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State Budget Heads to Governor

Jennifer Smith

By Jennifer Smith, MASB Director of Government Relations

DashBoard, June 10, 2015

Last week, the House and Senate approved the state’s General Fund budget, as well as the School Aid Budget. In April, we shared with you the major differences between the House, Senate and Governor’s versions of the budget. Now we can provide final information on what was agreed upon and what to expect for your district. The budget still needs to be signed by the Governor and there may be a few vetoes, but we don’t expect any of these major components will change.

Foundation Allowance (Sec. 20)

Schools will receive between $70 and $140 more per pupil through the 2x formula. This will make the new state minimum foundation allowance $7,391 per pupil with a new maximum of $8,169. This closes the funding gap to $778 per pupil. However, because best practices and performance funding grants were removed from the budget, the net per-pupil increase will be lower than $70-140 for districts who received best practices or performance funding money last year.

An additional categorical was added that would ensure that all districts receive at least a $25 per-pupil increase. This was added to address those districts that would lose more in best practices’ money than they are gaining in the increased foundation allowance. If you would like to see information specific to your district, the House and Senate Fiscal Agencies have published a district-by-district estimated impact statement.

Online Learning (Sec. 21f)

The budget maintains current law and allows community colleges to offer online courses to students. It also requires 100 percent of payment to the online course provider based on enrollment (current law is 80 percent on enrollment and 20 percent on completion) and lowers the percentage of foundation payment to 6.67 percent.

Best Practices (Sec. 22f)

This section was not included in the budget (see Foundation Allowance above).

Consolidation Grants (Sec. 22g)

Consolidation grants are increased to $5 million, but restricted to grants for whole annexations or consolidation of districts or ISDs. It allows the districts or ISDs to spend the funds over three years.

Technology Readiness Infrastructure Grants (Sec. 22i)

This coming year’s TRIG-appropriated funds are $23.5 million. This is a slight reduction from what was proposed. The budget also spells out what specifically the money should go toward including $11.3 million for district incentive grants and $9.3 million for device purchases.

At-Risk Funding (Sec. 31a)

The budget increases at-risk funding by $70 million bringing the total to $379 million. It also revises the program requirements by requiring that a district must implement a multitiered system of supports and model of instruction and intervention in at least kindergarten through third grade.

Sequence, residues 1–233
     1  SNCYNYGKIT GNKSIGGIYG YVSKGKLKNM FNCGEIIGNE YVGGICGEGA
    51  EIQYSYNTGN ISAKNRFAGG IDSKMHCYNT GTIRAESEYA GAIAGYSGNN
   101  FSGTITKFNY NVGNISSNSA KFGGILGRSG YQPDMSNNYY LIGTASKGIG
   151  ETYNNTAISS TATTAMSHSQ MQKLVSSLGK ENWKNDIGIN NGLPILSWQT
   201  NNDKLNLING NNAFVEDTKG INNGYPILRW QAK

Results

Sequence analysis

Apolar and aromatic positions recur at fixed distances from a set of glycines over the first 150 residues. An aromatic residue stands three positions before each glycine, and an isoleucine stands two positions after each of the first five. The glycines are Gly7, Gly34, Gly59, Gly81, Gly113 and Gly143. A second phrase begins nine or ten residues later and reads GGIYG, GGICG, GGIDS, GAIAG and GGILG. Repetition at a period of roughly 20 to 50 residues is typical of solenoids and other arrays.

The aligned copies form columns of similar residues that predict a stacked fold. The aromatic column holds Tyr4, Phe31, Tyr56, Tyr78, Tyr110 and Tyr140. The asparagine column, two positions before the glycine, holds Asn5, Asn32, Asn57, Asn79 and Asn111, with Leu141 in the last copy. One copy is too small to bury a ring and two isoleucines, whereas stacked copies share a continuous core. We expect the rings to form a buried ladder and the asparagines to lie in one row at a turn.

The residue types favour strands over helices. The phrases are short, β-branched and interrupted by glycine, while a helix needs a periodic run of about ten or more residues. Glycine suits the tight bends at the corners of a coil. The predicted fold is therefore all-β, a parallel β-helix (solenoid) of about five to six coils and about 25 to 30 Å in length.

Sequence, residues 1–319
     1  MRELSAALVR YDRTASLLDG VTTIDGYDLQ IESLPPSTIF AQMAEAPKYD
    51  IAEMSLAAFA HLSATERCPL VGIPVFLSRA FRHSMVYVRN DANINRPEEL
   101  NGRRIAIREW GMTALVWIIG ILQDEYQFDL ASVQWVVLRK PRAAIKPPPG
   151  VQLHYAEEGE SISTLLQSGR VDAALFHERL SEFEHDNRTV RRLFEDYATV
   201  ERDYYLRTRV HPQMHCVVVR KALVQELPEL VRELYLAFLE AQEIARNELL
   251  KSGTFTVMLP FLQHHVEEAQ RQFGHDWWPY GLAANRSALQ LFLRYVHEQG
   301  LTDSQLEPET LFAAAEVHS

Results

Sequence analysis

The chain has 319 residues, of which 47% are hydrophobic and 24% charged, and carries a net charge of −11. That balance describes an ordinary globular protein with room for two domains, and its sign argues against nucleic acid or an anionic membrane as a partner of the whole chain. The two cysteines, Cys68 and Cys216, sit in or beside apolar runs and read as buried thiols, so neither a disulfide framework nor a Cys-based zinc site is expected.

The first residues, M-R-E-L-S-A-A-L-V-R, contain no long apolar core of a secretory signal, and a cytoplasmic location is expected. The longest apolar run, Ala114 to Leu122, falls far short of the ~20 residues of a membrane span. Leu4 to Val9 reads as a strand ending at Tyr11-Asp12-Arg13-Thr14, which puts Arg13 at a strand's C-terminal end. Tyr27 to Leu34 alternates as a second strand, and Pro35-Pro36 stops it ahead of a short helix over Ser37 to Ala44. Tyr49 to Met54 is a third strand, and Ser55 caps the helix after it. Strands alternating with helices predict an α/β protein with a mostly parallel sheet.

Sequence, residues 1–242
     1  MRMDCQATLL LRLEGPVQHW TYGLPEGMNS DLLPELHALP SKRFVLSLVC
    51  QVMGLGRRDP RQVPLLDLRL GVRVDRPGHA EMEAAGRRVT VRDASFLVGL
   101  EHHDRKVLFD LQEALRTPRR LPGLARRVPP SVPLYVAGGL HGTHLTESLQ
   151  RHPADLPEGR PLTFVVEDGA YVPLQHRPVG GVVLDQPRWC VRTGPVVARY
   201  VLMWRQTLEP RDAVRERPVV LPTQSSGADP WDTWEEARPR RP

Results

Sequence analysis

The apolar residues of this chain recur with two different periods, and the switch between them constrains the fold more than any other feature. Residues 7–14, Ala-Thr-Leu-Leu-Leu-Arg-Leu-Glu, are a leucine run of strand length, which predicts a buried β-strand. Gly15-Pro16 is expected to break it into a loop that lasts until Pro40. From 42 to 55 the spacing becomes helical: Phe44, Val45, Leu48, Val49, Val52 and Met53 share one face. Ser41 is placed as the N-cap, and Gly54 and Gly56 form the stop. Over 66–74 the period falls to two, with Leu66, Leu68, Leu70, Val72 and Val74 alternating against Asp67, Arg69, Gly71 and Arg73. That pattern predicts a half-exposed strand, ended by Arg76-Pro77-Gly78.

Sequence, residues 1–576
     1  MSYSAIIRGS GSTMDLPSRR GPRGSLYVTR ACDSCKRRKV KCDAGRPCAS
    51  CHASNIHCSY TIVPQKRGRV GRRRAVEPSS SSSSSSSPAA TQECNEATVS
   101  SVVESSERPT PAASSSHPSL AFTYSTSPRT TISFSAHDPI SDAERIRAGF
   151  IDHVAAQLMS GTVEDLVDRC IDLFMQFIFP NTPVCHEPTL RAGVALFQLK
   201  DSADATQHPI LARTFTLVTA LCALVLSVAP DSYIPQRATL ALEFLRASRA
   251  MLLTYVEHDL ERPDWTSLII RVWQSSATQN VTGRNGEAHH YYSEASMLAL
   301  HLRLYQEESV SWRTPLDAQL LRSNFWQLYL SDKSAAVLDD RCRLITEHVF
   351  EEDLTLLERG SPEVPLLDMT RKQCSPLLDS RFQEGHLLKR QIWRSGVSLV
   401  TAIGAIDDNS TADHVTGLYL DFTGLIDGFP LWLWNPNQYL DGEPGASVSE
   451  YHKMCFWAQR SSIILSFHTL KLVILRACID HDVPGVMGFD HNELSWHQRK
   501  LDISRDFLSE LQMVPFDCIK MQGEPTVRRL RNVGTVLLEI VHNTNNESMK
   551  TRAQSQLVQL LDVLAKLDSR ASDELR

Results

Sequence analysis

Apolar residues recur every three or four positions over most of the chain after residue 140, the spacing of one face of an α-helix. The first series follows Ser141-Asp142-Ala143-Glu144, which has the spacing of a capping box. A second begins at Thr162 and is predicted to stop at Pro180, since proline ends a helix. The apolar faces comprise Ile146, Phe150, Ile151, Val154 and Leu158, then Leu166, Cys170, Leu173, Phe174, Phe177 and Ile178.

Early Literacy (Secs. 35-35g)

The bill establishes new sections to create parent programs, reading intervention programs, professional development and other items necessary to implement quality programs to ensure children are reading on grade level by the end of third grade. It also includes funding for each line item.

Career and Technical Education/Middle Colleges (Secs. 61a-61b)

Increases the funding by $10 million to $36.6 million for career and technical education and adds an additional $10 million for early/middle college programs. It also allows adult education participants to be included in CTE programs that are offered outside of regular school hours.

Days & Hours (Sec. 101)

Makes no change to current law, requiring at least 1,098 instructional hours, and at least 175 days in 2015-2016 and 180 days in 2016-2017. It also allows up to six snow days, but then allows three more at the State Superintendent’s discretion at any point during the year.

Early Warning/Distressed Districts (Secs. 11r, 102 and 103-103c)

The agreement removes funding and language regarding an early warning system. Separate bills addressing this, House Bills 4325-4330, are still working their way through the system. The budget does include $1.5 million to reimburse districts for the cost of licensing school data analytical tools (new Section 102d).

Computer Adaptive Testing (Sec. 104d)

The budget includes a $4 million reimbursement to districts that purchase diagnostic and screening tools or benchmark assessments for K-3 pupils intended to increase reading proficiency.

Adult Education Programs (Sec. 107)

The budget increases funding to $25 million, and adds a person who is 20 years or older but determined to be below the ninth grade level in reading, math or both. A definition of “career pathway” also was added. A pilot program to connect adult education students directly with employers was created.

Nonpublic Mandate Reimbursement (Sec. 152b)

The House had included $5 million in this section; however, the budget agreement does not include this funding.

If you have any questions regarding the School Aid Budget, please contact the MASB Government Relations team at MASBgov@masb.org or 517.327.5900.

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